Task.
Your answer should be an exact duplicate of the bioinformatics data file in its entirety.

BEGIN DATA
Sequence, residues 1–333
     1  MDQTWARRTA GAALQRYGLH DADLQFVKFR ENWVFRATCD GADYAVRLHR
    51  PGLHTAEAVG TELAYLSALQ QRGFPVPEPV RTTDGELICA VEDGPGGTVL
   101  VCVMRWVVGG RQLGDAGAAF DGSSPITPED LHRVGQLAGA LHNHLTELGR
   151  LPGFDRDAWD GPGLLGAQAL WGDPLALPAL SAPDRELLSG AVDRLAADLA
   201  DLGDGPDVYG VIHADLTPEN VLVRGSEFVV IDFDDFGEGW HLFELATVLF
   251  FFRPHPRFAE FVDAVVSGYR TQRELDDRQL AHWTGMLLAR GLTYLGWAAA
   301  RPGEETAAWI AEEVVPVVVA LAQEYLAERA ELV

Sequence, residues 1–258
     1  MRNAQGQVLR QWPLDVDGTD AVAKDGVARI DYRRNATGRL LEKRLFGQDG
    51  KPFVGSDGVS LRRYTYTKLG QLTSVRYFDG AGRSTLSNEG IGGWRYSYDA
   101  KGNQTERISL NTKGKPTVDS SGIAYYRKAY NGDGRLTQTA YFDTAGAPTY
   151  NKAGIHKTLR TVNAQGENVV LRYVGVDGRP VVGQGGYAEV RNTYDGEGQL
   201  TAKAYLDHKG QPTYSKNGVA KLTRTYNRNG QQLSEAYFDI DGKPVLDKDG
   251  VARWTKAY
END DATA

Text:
Sequence, residues 1–333
     1  MDQTWARRTA GAALQRYGLH DADLQFVKFR ENWVFRATCD GADYAVRLHR
    51  PGLHTAEAVG TELAYLSALQ QRGFPVPEPV RTTDGELICA VEDGPGGTVL
   101  VCVMRWVVGG RQLGDAGAAF DGSSPITPED LHRVGQLAGA LHNHLTELGR
   151  LPGFDRDAWD GPGLLGAQAL WGDPLALPAL SAPDRELLSG AVDRLAADLA
   201  DLGDGPDVYG VIHADLTPEN VLVRGSEFVV IDFDDFGEGW HLFELATVLF
   251  FFRPHPRFAE FVDAVVSGYR TQRELDDRQL AHWTGMLLAR GLTYLGWAAA
   301  RPGEETAAWI AEEVVPVVVA LAQEYLAERA ELV

Sequence, residues 1–258
     1  MRNAQGQVLR QWPLDVDGTD AVAKDGVARI DYRRNATGRL LEKRLFGQDG
    51  KPFVGSDGVS LRRYTYTKLG QLTSVRYFDG AGRSTLSNEG IGGWRYSYDA
   101  KGNQTERISL NTKGKPTVDS SGIAYYRKAY NGDGRLTQTA YFDTAGAPTY
   151  NKAGIHKTLR TVNAQGENVV LRYVGVDGRP VVGQGGYAEV RNTYDGEGQL
   201  TAKAYLDHKG QPTYSKNGVA KLTRTYNRNG QQLSEAYFDI DGKPVLDKDG
   251  VARWTKAY